It’s about fear …
My mother was into object lessons. About 60 years ago she taught me a good one. So good that I still remember it after all these years.I grew up in Rockwell City, Iowa. It was a very small town in northwest Iowa. In the 1940s, right after the war, it was probably one of the safest towns on the planet. There was always a sheriff but no police department until the 1950s, just about the time they needed protection against young teenagers like me.You have all heard the story before. The town was so safe that parents could let their kids go out to play unsupervised in the early morning. They would return when the town whistle blew at 12:00 noon. After lunch the kids would disappear again until the whistle blew again around 5:00 in the afternoon.No Amber Alerts. No kidnappings. No sexual predators. Just growing up in Iowa after the war.We had a town park about two blocks from my house, and there was a pond, a grandstand, playground equipment, and the Scout cabin.
The Scout cabin just about proved to be my downfall. It was a true log cabin built at the edge of the park. It smelled like mold and rotting vegetation. Not somewhere you would want to be for very long. The Scouts had used it for meetings, I guess, although when I was a Boy Scout we never met there.One summer I went to the cabin and found a Boy Scout neckerchief hanging from a peg on the wall. Of course it fascinated me, and I decided to take it home.Being a future police officer and state representative, I immediately showed what I had found to my mother. Of course she asked me where I found it, and when I told her she immediately took me by the hand and escorted me back to the cabin so I could put it back on the peg in the cabin.She explained to me that it belonged to someone, and I should not have taken it. It was wrong, and it was stealing.My heart went into my throat, and I started crying. First of all, it was upsetting to me that I had done something wrong, and secondly it was upsetting that my mother had to find out about my criminal behavior.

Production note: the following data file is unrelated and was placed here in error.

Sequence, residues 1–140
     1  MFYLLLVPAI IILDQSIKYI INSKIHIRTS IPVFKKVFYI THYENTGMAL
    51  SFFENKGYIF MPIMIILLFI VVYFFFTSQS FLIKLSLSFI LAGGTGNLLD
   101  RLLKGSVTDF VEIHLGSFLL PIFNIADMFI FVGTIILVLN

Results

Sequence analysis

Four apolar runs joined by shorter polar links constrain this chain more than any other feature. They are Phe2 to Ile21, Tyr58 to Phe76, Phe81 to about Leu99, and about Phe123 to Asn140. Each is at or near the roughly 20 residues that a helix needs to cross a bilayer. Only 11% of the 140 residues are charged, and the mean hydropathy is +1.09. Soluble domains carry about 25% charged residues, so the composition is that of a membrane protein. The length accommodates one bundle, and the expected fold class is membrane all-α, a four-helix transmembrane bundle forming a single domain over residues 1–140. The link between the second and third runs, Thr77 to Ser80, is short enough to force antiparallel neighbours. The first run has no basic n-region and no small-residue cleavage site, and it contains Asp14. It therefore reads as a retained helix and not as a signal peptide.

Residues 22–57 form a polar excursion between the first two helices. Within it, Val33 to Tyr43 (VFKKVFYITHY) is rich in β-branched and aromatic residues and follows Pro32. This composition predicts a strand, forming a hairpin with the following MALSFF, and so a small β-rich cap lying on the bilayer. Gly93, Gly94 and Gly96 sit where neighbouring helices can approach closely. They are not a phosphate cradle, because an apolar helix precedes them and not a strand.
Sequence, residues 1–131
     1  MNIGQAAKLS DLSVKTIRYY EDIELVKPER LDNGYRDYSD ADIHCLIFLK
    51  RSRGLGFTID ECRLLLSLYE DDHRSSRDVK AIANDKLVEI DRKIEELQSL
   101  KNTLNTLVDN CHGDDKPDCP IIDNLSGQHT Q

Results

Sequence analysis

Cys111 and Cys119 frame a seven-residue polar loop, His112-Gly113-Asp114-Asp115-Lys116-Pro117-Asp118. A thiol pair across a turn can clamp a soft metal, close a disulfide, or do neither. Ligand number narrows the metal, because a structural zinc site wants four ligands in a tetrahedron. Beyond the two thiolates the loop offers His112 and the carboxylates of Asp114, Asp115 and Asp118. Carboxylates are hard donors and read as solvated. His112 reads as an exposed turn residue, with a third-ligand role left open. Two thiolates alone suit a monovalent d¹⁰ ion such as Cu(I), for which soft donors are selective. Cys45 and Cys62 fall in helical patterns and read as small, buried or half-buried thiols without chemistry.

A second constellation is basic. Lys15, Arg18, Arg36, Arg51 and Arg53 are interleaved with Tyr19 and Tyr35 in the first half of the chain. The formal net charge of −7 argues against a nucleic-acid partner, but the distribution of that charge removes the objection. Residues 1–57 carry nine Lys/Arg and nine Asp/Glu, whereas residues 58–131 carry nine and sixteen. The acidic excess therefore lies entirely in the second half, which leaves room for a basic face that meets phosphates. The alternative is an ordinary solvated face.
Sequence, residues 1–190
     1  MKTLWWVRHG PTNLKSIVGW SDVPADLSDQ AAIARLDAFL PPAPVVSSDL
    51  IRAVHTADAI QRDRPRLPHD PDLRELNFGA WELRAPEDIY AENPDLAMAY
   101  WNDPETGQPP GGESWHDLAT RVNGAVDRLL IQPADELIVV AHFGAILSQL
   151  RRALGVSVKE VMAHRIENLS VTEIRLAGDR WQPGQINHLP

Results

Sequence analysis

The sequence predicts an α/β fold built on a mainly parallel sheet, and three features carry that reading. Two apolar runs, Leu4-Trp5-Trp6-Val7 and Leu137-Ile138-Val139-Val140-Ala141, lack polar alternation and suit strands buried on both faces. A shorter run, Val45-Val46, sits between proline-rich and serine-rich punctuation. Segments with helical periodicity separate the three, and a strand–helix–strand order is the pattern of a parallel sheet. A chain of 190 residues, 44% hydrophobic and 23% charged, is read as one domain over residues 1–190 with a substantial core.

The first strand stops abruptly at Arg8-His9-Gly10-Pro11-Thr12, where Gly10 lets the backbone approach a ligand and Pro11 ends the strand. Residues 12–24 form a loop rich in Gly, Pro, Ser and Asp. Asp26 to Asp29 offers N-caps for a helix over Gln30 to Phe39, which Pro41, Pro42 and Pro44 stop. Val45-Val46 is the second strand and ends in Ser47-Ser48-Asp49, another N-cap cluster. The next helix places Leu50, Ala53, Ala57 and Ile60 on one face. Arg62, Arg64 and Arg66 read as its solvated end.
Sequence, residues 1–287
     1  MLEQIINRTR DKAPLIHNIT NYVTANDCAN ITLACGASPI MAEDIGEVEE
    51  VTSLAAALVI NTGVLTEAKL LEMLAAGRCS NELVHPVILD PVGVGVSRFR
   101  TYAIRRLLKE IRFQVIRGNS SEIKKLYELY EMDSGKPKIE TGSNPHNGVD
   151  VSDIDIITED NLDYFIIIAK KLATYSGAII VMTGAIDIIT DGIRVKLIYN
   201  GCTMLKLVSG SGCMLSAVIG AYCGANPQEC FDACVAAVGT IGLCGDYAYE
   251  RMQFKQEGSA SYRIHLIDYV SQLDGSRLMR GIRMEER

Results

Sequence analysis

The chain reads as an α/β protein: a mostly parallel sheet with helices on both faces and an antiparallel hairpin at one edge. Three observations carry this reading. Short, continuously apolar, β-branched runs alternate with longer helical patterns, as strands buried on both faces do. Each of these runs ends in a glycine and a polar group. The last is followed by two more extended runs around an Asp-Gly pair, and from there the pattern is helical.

At that stage of my life I had an immediate understanding of right and wrong. That understanding has never left me.This became obvious again this past session at the state legislature when some criminal law legislation was being discussed.Some legislators believe that laws by themselves change behavior. That if you pass a law the entire society will immediately change its behavior. Some people would call it social engineering. I call it stupidity.People will do the right thing or the wrong thing based on their consciences and not because of a law. The law simply defines the crime and the punishment. It was never meant to prevent crime. Crime is prevented by the parent who will take the time and energy to take her young son back to the cabin to hang up the stolen neckerchief. It is a learned behavior and is not brought about by the passage of new laws.
The role of law enforcement, prosecutors, and the courts is to assist in this learning process. It is their role to make sure that violators are sought out, arrested, prosecuted, and punished. That too is a learning process that most of us never experience because we had caring parents, and we learned the difference between right and wrong at an early age.I have spent a good portion of my life with criminals. Criminals on the streets, in the jails, and in prisons all over the United States. To a person, none of them even considered the punishment when they committed the crime. To a person, they all thought that they would get away with it, up to and including murder.It is about fear. It is the fear that somehow, even though they have passed on, my parents will somehow find out that I had done something wrong.State Rep. Gary Lindstrom of Lakeview Meadows represents Summit, Eagle and Lake counties. He writes a Monday column. He can be reached at firstname.lastname@example.org, or visit his website at http://www.garylindstrom.com.
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